Do as I do

Tournaments driving people to go play Magic after watching is also a key purpose of events like the Arena Championship. After all, aside from giving fans of the game a competitive outlet, these events are effectively marketing the fun of Magic to viewers.

It’s very common for players to try and duplicate what they saw tournament players doing, which often requires spending money on cards (what Wizards needs to keep the game going). However, Magic has always been an expensive, luxury hobby, where competitive decks can cost anywhere between hundreds of dollars to thousands.

As a result, playing multiple formats can be challenging if the cards don’t port easily from one to another. For example, Rakdos Midrange has some overlap in both Modern and Pioneer, meaning someone who can afford a handful of extra cards can enjoy both formats. That’s why many players pick a playstyle and stick with it.

In the case of MTG Arena, it’s no secret the game’s economy makes starting from nothing a bit rough. Even if you simply took a break from playing, falling behind on your collection can make it hard to duplicate what you see in an event. Basically, doing that is often only reasonable if you have been building your collection by grinding drafts or playing since the beginning. 

And if you just want to spend actual money to simply buy the wildcards you need to assemble the deck you saw during a tournament, it’s going to cost hundreds of dollars for a product that can’t be exchanged like real, paper cards.

Ultimately, the secret to paper magic and formats like Modern is the expensive cards that make up your deck can be thought of as an investment, since it’s possible to re-sell what you previously purchased. 

While you rarely make a profit off the cards, you’re often able to recoup a significant amount of what you paid to get them. This makes the continuous big purchases needed to play at a higher level possible.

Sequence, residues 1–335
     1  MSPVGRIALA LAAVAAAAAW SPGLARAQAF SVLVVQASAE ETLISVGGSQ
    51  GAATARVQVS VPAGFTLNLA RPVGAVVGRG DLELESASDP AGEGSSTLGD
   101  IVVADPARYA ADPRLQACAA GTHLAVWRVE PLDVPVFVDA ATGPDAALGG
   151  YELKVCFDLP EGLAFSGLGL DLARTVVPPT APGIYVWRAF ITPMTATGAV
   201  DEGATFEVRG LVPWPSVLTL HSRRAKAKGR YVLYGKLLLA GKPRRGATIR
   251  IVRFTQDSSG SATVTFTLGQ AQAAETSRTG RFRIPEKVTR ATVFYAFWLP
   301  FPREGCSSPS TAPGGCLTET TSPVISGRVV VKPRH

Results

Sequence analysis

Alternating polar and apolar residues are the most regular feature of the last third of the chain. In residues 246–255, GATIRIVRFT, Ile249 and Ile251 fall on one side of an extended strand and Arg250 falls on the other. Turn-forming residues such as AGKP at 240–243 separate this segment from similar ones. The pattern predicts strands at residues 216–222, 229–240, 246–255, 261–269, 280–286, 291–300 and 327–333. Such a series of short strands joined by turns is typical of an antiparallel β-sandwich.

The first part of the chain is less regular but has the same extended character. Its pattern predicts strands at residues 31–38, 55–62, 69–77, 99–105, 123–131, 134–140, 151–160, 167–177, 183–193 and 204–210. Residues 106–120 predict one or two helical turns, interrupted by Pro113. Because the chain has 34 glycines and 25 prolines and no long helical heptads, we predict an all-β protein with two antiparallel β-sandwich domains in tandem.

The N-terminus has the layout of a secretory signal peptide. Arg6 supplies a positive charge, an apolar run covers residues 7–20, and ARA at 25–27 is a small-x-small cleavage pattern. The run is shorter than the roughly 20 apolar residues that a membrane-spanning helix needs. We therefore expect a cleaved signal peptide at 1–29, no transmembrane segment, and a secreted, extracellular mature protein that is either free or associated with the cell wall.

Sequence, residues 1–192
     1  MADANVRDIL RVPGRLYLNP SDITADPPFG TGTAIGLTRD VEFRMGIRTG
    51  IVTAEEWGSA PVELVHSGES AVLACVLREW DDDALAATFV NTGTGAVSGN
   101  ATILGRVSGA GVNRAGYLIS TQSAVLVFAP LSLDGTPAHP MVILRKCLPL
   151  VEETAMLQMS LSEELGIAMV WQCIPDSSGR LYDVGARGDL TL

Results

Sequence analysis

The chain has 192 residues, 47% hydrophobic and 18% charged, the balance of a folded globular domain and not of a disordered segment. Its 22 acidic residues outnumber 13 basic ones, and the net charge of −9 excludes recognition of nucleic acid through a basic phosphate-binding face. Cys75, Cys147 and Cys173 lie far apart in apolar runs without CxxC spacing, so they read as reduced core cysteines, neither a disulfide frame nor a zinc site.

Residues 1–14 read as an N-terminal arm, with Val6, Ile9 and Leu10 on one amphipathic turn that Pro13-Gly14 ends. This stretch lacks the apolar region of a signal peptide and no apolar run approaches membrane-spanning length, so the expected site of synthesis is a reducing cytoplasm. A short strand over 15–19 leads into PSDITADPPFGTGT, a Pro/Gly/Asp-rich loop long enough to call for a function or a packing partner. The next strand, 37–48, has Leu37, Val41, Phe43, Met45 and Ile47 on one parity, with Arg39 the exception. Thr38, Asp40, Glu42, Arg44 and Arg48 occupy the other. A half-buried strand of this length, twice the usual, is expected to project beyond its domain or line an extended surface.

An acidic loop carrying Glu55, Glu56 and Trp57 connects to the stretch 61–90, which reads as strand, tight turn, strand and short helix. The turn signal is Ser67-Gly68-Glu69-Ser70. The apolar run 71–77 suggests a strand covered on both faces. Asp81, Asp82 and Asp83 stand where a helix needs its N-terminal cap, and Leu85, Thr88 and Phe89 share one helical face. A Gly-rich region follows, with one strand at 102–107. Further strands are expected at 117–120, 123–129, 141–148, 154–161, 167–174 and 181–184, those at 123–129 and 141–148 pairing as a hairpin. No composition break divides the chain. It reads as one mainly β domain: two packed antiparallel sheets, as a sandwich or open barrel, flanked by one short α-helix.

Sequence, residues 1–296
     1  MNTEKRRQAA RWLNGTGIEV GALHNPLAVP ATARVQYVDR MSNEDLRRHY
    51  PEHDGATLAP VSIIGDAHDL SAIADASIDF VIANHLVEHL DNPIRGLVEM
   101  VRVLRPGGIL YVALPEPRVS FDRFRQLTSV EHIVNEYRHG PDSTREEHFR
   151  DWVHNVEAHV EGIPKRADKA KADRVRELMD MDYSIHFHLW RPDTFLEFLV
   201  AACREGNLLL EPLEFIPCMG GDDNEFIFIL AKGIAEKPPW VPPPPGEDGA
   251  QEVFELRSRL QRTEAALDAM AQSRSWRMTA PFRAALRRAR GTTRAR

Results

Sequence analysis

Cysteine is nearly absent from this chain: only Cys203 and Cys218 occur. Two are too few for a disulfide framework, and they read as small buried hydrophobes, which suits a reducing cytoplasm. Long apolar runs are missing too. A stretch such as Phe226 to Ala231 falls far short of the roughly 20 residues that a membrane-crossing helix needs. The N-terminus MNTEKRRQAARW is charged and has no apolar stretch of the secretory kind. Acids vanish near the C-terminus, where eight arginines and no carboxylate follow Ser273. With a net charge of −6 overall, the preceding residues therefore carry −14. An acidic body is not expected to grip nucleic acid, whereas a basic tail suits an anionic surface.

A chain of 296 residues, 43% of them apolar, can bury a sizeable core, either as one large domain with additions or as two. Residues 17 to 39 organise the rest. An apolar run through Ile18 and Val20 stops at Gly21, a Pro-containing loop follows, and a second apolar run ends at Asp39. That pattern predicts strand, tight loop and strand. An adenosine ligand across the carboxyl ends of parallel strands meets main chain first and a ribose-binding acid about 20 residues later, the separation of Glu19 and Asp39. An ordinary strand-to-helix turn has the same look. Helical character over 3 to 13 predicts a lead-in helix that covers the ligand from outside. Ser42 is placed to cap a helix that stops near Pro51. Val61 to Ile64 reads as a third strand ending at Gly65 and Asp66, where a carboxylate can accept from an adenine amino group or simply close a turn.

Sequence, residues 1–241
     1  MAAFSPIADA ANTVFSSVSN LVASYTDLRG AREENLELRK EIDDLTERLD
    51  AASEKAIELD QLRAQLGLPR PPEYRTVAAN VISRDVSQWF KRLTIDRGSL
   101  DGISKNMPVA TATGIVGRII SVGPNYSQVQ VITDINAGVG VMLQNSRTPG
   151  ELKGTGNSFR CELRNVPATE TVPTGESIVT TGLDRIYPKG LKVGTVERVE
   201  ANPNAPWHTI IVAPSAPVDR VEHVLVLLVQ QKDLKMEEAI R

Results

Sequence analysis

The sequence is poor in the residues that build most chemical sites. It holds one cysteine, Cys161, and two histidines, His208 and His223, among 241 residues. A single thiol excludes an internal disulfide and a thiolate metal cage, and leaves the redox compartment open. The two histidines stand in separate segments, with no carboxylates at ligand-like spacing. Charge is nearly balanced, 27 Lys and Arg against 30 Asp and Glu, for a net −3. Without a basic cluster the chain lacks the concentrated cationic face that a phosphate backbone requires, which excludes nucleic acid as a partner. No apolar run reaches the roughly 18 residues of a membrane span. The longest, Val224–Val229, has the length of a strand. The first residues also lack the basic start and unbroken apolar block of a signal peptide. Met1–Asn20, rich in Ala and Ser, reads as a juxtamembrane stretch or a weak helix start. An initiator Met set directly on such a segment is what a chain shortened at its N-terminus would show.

At the same time, since getting into Alchemy is such a tall ask, are these events even the best way to encourage Magic players to buy new product? Wouldn’t it make more sense to encourage players to get involved with a more accessible format?

Meeting a need

Beyond the complexity of the cards, a viewer’s ability to understand them and the cost of competing in a format like Alchemy, there’s one more question to consider. Are Alchemy events what competitive players really want?

Alchemy deserves a place in Magic as a format players can enjoy, but is shoehorning it into the highest level of competition the best way to show it off? I think doing so does Alchemy a disservice while wasting effort by pushing it at the wrong target audience.

Of course, pushing these supplemental products on competitive players is becoming a bit of a trend these days. Regardless of whether we see sets designed for competitive environments, (like Modern Horizons) or not (like Unfinity), players end up divided when cards are interjected outside the usual pipeline.

Key art for Unfinity | Provided by Wizards of the Coast

It’s easy to say, “Well, this is to help sell cards. They are a business,” in response to the question of these extra cards. And while that statement isn’t inherently wrong, we have seen that these sets are often appreciated more by casual and Commander players. In fact, Mark Rosewater has said the reason we have black border cards in Unfinity is so commander playgroups don’t have to argue over whether a silver bordered card is legal or not. 

That’s a very noble and honestly reasonable goal. However, you don’t need to make them legal in Legacy just so Commander players can have access to them. After all, while the competitive player base is a bit fickle, they ultimately just want to chain events together that they can be proud to win. 

The Regional Championship and Pro Tour systems are great examples of this. They haven’t caused any of the issues discussed above, all while letting Wizards of the Coast advertise their game in a way that appeals to the people watching and participating.

I love Magic in both its competitive and casual forms. It’s my favorite game, and I want it to succeed. However, I also can’t help but feel decisions like playing Alchemy for an Arena Championship are doing a disservice to every party involved. These important events can be better, and everyone involved — from the players, to the viewers to Wizards of the Coast — all deserve that.